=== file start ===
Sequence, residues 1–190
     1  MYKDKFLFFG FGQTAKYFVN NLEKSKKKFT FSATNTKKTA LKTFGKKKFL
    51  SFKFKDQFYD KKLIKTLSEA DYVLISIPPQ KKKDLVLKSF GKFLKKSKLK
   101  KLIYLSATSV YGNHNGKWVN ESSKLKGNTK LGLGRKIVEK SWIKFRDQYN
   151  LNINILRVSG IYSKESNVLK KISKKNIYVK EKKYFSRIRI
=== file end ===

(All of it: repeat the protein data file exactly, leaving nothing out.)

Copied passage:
Sequence, residues 1–190
     1  MYKDKFLFFG FGQTAKYFVN NLEKSKKKFT FSATNTKKTA LKTFGKKKFL
    51  SFKFKDQFYD KKLIKTLSEA DYVLISIPPQ KKKDLVLKSF GKFLKKSKLK
   101  KLIYLSATSV YGNHNGKWVN ESSKLKGNTK LGLGRKIVEK SWIKFRDQYN
   151  LNINILRVSG IYSKESNVLK KISKKNIYVK EKKYFSRIRI